The Ad Blocker Debate

Jean-Louis Gassée, on ad-blocking tools coming with iOS 9 thanks to Safari Content Blockers:

Publishers who rise to condemn new (and still unproven) ad-blocking features on iOS and OS X ought to ask themselves one question: Who needs whom the most?

Apple’s move answers the question. No need to think it’s building ad-blocking technology to monopolize the field to the benefit of its iAd platform whose revenue can’t “move the needle” for a company where revenue and profits mostly come from hardware (see the last 10-Q report page 25). Apple’s “ulterior” motive is making everyday use of its products more pleasant, resulting in more sales: the usual ecosystem play.

With MacStories, we're pretty fortunate to be in the position of running a publication that doesn't depend on heavy user tracking and programmatic ads (we do native advertising with sponsors, affiliate links, and, soon, something else). The few JavaScript code that is left on our pages (Google Analytics) could go away if I find something that works better and is lighter than Google's solution. As publishers, we won't be particularly affected by Content Blockers. I relate to those who run sites based on a different model, but I'm not so shortsighted to blame Safari for the slow nature of a mobile web infested with ads and creepy trackers.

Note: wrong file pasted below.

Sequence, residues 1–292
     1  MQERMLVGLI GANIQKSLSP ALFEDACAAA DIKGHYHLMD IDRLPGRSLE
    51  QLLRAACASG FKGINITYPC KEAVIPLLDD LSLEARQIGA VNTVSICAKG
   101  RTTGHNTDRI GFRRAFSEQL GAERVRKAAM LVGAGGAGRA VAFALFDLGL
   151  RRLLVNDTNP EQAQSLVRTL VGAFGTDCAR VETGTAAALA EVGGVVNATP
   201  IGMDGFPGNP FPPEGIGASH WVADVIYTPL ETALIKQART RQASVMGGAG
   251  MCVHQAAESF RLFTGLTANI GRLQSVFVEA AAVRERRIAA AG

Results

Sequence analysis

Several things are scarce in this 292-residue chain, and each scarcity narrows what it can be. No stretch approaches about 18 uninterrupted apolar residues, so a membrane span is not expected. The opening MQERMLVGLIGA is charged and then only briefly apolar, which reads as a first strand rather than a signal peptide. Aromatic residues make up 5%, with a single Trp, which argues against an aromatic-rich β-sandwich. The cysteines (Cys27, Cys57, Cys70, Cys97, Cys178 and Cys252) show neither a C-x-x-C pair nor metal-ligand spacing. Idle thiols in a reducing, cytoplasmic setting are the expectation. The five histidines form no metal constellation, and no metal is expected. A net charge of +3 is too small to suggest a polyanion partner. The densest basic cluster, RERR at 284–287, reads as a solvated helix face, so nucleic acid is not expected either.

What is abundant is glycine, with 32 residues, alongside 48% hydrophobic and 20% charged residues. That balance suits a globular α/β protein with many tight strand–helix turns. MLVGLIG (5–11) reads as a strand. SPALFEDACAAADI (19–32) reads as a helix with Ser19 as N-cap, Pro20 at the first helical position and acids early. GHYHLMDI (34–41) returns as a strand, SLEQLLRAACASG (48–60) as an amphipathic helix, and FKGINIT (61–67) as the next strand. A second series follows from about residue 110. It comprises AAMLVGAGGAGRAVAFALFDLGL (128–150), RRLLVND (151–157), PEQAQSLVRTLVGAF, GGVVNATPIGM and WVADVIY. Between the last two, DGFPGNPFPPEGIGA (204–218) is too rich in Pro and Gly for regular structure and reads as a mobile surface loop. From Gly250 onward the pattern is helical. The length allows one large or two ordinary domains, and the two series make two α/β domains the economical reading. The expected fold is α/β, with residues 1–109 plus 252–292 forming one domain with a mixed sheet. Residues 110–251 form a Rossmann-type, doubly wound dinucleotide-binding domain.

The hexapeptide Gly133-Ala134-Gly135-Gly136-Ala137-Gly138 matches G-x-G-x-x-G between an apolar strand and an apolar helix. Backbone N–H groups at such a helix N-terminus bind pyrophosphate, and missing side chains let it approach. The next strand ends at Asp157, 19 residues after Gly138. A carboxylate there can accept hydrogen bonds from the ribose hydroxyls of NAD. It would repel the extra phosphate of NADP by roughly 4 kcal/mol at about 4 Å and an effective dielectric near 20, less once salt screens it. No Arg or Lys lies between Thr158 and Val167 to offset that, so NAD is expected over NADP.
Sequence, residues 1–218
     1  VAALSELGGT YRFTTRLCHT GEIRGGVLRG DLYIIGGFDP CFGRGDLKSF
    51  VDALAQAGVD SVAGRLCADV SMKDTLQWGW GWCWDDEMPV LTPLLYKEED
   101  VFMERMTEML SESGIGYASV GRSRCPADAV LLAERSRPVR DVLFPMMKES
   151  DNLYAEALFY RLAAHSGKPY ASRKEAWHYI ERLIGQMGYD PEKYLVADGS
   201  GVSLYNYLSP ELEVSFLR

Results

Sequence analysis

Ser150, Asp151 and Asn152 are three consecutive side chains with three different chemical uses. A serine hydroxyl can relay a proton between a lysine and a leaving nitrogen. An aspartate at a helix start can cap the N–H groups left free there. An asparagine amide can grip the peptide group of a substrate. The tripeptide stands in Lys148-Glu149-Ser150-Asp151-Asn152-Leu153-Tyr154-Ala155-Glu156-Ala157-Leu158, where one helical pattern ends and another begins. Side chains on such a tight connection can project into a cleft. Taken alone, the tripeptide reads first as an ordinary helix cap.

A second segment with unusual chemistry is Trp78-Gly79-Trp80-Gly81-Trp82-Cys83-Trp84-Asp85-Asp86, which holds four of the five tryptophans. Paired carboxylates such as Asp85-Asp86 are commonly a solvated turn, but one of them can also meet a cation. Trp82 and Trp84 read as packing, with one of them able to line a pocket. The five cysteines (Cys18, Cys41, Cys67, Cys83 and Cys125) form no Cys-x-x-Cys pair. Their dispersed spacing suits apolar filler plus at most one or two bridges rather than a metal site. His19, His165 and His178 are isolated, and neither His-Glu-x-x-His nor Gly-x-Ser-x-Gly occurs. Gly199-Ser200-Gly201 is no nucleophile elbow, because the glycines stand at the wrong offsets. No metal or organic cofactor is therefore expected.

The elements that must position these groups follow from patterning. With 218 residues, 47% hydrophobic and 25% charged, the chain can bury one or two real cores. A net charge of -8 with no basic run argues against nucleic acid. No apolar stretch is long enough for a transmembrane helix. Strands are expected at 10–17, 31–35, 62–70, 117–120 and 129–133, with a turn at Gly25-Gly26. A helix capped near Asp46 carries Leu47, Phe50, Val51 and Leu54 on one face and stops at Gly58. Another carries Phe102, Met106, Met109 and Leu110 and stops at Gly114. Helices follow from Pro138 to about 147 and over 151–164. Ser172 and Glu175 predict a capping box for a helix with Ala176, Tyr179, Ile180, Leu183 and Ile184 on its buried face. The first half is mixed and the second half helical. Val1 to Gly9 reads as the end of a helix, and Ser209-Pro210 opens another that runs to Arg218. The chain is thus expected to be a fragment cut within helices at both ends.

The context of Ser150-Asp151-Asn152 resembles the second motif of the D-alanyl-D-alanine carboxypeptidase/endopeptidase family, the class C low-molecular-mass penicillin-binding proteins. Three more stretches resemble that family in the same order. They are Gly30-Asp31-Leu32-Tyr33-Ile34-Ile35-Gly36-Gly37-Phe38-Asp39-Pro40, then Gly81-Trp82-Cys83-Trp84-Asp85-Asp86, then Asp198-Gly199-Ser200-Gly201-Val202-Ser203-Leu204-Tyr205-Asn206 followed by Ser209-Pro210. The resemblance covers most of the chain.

I also believe that a lot of this comes down to how much you respect your readers. This was our single most important goal with MacStories 4.0 last year. It won't change anytime soon. It's important for us that anyone – no matter their browser or Internet speed or data cap – can read our website comfortably and quickly.

As a user, I'm ecstatic about Content Blockers. Some might say it's not morally acceptable to block ads, but when publishers reach the point where a single 80 KB article weighs 6 MB, maybe it is time for a wake up call.